For Immediate ReleaseJune 20, 2023
Board of Supervisors OK distribution through Community Development
San Rafael, CA – For years, Marin County residents have routinely cited a need for more affordable housing options as one of their top priorities, both in community surveys and when expressing themselves before the Marin County Board of Supervisors.
On June 14, the Supervisors took two actions that will free up more than $6.6 million in grant funding for affordable housing proposals all over Marin. The fundings sources are the federal government, the state government, and the County’s own Affordable Housing Fund.
Among the beneficiaries of the Board’s approvals is the Oak Hill project in unincorporated Marin near San Quentin that will develop 115 units of affordable housing. Other projects that will receive fresh funding include the long-planned conversion of a former U.S. Coast Guard housing facility in Point Reyes Station, a Habitat for Humanity development in northern Novato, new southern Novato housing for military veterans transitioning from homelessness through Homeward Bound of Marin, and a Project Homekey location in San Rafael’s Canal neighborhood.
The 23 projects funded also include community facility improvements and services benefiting low-income residents. The Countywide Priority Setting Committee, which includes representatives from most Marin towns and cities plus community members, reviewed all applications and made recommendations to the Board. That committee, which meets about four times per year, was convened and is overseen by Community Development Agency (CDA), the County department that coordinates the distribution of allocated federal and state grants.
Most of the projects remain in the planning stages and additional funding will be required before construction begins. However, within the next few weeks the City of San Rafael plans to consider a separate allocation to the Canal proposal, at 3301 Kerner Boulevard, that is critical to completing the project.
“With help from the Countywide Priority Setting Committee, the County has focused investments on fewer projects, prioritizing projects that align with fair housing and equity goals,” said Senior Planner Molly Kron. “A lot of people are eager to see these get across the finish line and help alleviate our ongoing affordable housing crisis.”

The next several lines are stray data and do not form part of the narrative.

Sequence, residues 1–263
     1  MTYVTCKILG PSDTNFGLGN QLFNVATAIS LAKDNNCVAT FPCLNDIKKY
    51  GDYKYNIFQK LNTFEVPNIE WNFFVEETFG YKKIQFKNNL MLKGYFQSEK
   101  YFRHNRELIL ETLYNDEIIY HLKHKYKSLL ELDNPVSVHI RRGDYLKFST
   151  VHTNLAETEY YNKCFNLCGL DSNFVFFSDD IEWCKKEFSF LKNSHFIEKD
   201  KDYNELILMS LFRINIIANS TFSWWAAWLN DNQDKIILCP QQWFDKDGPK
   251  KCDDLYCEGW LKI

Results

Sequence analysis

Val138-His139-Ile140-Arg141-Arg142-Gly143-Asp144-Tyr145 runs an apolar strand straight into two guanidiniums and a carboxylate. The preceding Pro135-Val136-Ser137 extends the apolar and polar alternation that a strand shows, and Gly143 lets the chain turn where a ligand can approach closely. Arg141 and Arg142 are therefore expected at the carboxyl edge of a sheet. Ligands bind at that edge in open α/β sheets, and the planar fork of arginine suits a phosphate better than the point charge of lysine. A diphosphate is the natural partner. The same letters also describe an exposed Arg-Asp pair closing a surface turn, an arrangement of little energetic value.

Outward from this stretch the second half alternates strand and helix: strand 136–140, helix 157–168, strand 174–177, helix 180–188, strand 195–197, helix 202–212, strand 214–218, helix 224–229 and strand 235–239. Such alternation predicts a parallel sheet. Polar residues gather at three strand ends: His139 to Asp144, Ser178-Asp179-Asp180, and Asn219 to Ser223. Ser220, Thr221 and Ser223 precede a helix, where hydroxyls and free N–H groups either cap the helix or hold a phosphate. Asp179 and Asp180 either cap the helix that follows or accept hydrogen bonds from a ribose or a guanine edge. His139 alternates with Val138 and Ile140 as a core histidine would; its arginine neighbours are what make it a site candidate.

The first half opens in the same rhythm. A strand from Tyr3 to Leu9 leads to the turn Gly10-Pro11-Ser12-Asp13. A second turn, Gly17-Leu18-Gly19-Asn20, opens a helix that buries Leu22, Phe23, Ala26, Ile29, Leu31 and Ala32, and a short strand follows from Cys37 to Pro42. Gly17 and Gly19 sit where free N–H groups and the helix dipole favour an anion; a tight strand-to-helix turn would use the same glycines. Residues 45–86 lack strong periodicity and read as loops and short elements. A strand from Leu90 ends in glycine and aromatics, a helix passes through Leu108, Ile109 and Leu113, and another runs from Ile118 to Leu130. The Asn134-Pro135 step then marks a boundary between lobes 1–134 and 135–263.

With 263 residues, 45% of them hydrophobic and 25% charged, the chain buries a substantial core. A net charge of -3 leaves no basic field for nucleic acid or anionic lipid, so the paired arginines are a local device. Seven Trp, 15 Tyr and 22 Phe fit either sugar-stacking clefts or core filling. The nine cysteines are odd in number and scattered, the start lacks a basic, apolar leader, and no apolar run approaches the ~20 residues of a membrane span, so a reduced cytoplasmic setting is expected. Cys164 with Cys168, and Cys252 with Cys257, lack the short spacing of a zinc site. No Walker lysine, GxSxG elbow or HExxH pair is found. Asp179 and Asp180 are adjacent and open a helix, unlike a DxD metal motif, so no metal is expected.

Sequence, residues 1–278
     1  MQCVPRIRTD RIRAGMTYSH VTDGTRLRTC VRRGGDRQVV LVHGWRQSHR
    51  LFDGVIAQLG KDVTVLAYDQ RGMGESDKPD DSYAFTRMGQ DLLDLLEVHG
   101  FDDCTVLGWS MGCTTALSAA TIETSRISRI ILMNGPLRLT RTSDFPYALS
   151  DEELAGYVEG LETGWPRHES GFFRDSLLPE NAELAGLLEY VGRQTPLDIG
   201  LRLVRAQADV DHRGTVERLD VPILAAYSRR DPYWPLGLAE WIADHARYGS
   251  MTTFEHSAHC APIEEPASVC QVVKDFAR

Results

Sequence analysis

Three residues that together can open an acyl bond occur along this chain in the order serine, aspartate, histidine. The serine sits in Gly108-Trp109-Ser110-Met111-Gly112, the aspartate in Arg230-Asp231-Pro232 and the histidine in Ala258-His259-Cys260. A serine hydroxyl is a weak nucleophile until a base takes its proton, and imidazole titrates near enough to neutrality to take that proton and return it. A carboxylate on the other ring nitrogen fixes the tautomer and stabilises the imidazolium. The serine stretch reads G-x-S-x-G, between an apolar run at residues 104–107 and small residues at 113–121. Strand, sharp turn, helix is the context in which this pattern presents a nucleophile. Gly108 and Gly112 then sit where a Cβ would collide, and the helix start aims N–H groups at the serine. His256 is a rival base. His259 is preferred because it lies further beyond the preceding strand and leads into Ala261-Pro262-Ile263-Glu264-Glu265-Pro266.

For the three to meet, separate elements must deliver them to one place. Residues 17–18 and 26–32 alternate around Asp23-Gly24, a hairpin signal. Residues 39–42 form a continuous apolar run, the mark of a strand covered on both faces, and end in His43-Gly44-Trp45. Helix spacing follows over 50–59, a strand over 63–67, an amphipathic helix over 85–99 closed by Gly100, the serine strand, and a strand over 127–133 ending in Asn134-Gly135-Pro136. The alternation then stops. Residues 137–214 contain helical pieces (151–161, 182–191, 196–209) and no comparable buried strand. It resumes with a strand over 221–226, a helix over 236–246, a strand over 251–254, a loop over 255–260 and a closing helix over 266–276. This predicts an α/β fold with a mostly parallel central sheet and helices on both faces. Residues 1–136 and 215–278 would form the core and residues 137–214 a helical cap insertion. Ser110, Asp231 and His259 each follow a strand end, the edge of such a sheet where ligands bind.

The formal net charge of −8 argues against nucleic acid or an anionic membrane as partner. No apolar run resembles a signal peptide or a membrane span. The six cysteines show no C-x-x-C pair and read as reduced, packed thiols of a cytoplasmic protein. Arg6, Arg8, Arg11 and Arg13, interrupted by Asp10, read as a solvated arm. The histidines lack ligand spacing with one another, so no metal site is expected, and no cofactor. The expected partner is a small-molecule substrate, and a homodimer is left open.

The approvals June 13 were of the annual variety, but with a twist. Included with the annual allotments of Community Development Block Grant (CDBG) and HOME Investment Partnerships Program (HOME) funds were a one-time allocation of additional HOME funding from the American Rescue Plan Act of 2021. All three sources come from the federal Department of Housing and Urban Development (HUD).
An additional source of funding approved is the state’s Permanent Local Housing Allocation (PLHA), established in 2017 to provide a permanent source of funding to help cities and counties implement plans to increase the affordable housing stock aimed at individuals with household incomes at or below 60% of the county’s area median income. In Marin, that threshold is $111,480 for a household of four. The County’s Housing Trust Fund is used to match any PLHA allocation.
Learn more about the process on CDA’s webpages devoted to affordable housing and federal grants.
Molly KronSenior PlannerCommunity Development Agency
3501 Civic Center DriveSuite 304San Rafael, CA 94903(415) 473-7549Email: Molly KronCommunity Development Agency